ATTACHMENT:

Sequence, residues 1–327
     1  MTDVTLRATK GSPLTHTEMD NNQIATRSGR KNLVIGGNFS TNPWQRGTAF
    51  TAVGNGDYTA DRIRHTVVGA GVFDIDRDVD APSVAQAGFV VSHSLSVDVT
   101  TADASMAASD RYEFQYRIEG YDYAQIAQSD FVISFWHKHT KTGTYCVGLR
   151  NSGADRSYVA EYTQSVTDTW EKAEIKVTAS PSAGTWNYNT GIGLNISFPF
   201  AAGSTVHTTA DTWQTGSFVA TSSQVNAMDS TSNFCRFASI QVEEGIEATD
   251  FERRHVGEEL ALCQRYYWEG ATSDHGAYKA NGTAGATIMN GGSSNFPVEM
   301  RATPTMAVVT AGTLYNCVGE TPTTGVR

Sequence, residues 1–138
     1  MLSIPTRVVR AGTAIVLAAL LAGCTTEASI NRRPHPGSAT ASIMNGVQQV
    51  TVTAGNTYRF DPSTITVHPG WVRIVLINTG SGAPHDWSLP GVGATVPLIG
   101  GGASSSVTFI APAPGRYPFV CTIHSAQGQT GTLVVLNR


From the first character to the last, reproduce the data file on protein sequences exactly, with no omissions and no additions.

Sequence, residues 1–327
     1  MTDVTLRATK GSPLTHTEMD NNQIATRSGR KNLVIGGNFS TNPWQRGTAF
    51  TAVGNGDYTA DRIRHTVVGA GVFDIDRDVD APSVAQAGFV VSHSLSVDVT
   101  TADASMAASD RYEFQYRIEG YDYAQIAQSD FVISFWHKHT KTGTYCVGLR
   151  NSGADRSYVA EYTQSVTDTW EKAEIKVTAS PSAGTWNYNT GIGLNISFPF
   201  AAGSTVHTTA DTWQTGSFVA TSSQVNAMDS TSNFCRFASI QVEEGIEATD
   251  FERRHVGEEL ALCQRYYWEG ATSDHGAYKA NGTAGATIMN GGSSNFPVEM
   301  RATPTMAVVT AGTLYNCVGE TPTTGVR

Sequence, residues 1–138
     1  MLSIPTRVVR AGTAIVLAAL LAGCTTEASI NRRPHPGSAT ASIMNGVQQV
    51  TVTAGNTYRF DPSTITVHPG WVRIVLINTG SGAPHDWSLP GVGATVPLIG
   101  GGASSSVTFI APAPGRYPFV CTIHSAQGQT GTLVVLNR